U.S. suspends transfers of Guantanamo prisoners to Yemen
WASHINGTON, December 6 (RIA Novosti) - The U.S. administration has announced that it would suspend the transfers of detainees from a prison in Guantanamo Bay to Yemen due to the unstable security situation in the Arab country.
"I think that, while we remain committed to closing the facility, the determination has been made that right now any additional transfers to Yemen is not a good idea," White House press secretary Robert Gibbs said at a daily briefing on Tuesday.
At present, about 200 detainees remain at Guantanamo prison, most of them Yemeni.
Concerns over repatriating Yemenis emerged in the wake of a failed attempt to bomb a Detroit-bound flight on Christmas Day.
A Nigerian man, who was accused of trying to bomb the flight, allegedly received training and explosives from an al-Qaeda group based in Yemen.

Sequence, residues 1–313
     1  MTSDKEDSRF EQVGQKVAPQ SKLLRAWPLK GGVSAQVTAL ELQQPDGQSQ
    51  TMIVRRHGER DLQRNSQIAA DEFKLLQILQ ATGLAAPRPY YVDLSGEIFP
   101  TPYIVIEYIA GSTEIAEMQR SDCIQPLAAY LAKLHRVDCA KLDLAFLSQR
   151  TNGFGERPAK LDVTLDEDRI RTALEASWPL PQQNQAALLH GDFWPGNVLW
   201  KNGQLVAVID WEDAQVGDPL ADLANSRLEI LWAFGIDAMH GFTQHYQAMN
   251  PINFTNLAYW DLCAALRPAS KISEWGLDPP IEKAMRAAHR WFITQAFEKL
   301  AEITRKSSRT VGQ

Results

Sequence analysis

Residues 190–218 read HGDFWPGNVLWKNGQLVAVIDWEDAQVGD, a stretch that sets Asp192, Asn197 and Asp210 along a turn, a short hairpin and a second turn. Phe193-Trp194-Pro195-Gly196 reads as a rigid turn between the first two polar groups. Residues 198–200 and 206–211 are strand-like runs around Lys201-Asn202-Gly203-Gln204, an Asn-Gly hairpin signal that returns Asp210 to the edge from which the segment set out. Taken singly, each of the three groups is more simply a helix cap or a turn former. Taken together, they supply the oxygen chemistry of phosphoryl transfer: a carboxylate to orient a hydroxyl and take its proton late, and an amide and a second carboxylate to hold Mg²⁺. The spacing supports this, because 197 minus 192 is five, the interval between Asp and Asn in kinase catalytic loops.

The United States opened a detention center at the Guantanamo Bay naval base in Cuba in 2002 to keep suspected Al-Qaeda militants and their supporters, who had been captured overseas in the war against terrorism.
Soon after taking office in January 2009, President Barack Obama said the jail would be closed within a year.
Gibbs said on Tuesday that the Guantanamo inmates could be moved to the Thomson Correctional Center, a largely vacant correctional facility in the state of Illinois.
Meanwhile, Yemen has recently sent thousands of soldiers to battle al-Qaeda militants in three of its provinces.
U.S. State Secretary Hillary Clinton reiterated on Monday that the United States would support the Yemeni authorities in their fight against terrorism.
"The instability in Yemen is a threat to regional stability and even global stability, and we're working with Qatar and others to think of the best way forward to try to deal with the security concerns," Clinton said.
Washington has previously given the Yemeni government $70 million for counterterrorism.
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